Oceanography The Official Magazine of
The Oceanography Society
Volume 13 Issue 01

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Volume 13, No. 1
Pages 3 - 3



By Kenneth Brink  
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It is almost trite to say so, but it is true that this issue of Oceanography deals with a problem that is difficult, important, and timely.

A routine measurement system for the coastal ocean, tightly knitted with a communications, modeling and interpretation system, will deal with a range of problems that are important to our society. There is a concrete need to know about the state of the coastal ocean for issues involving shipping, fisheries, public health, research and weather prediction, to name just a few. Some aspects of a coastal observing system (such as tide gauges) are now in place, and these have served mainly to whet the appetite for a more comprehensive system. Further, there are applications for such a system that can only be imagined at this moment. For example, long (more than a couple years) in situ time series in the coastal ocean are exceedingly rare, but where we do have them, we are learning about how much conditions vary from year to year, hence how much we still need to understand. A second possible use is simply catching the public imagination. The same sort of excitement that is driven by the well-done reports on The Weather Channel® could easily be imagined for a regular public presentation on the state of the ocean.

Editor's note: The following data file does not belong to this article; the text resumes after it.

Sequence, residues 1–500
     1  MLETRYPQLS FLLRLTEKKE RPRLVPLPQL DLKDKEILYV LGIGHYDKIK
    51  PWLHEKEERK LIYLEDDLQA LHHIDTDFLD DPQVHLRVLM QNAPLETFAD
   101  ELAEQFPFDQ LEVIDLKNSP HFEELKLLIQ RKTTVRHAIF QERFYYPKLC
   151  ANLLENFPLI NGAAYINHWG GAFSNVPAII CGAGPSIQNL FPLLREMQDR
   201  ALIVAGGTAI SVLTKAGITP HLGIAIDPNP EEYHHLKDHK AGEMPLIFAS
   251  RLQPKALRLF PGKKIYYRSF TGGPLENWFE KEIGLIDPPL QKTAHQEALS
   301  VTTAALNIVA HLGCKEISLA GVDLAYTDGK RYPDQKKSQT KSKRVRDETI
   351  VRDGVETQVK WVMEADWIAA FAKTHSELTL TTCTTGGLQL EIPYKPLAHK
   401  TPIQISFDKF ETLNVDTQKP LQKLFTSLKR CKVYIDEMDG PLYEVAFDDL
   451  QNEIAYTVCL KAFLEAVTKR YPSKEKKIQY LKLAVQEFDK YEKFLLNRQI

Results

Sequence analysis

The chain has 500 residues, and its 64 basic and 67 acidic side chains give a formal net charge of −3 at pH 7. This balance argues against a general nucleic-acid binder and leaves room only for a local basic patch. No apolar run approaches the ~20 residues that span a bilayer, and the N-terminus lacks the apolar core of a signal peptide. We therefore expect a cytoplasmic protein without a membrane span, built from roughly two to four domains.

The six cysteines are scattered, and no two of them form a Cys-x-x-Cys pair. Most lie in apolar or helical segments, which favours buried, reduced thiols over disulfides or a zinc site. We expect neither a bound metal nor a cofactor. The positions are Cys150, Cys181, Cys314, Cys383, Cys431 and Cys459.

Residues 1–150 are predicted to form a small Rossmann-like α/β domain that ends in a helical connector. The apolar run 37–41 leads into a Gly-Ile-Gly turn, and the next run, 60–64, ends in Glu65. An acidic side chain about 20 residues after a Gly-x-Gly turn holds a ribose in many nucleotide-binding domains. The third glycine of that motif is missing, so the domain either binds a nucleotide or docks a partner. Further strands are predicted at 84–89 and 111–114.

The range of difficulties to be addressed in designing a coastal observation system can be daunting. For one thing, there are many masters to serve: the system one designed for navigational purposes would probably not be the same that would be used for fisheries concerns. A further concern is the heterogeneity of the coastal setting: processes and concentrations can vary enormously over even very short spatial or time scales. This sort of variability makes it difficult to pick the sort of representative sampling locations that might characterize a broad area. The choices about what to measure and where thus seem to be harder in the coastal ocean than they might be in the open ocean.

So, as we consider the possibility of a coastal observing system, we can see that the need and demand are present, but that the choices that need to be made in setting up the system will be difficult. This difficulty should be taken in a positive light; it is at least partly a reflection of the breadth of support that such a system will have.

– Kenneth Brink, TOS President


Brink, K. 2000. President’s column: A coastal vision. Oceanography 13(1):3, https://doi.org/10.5670/oceanog.2000.56.

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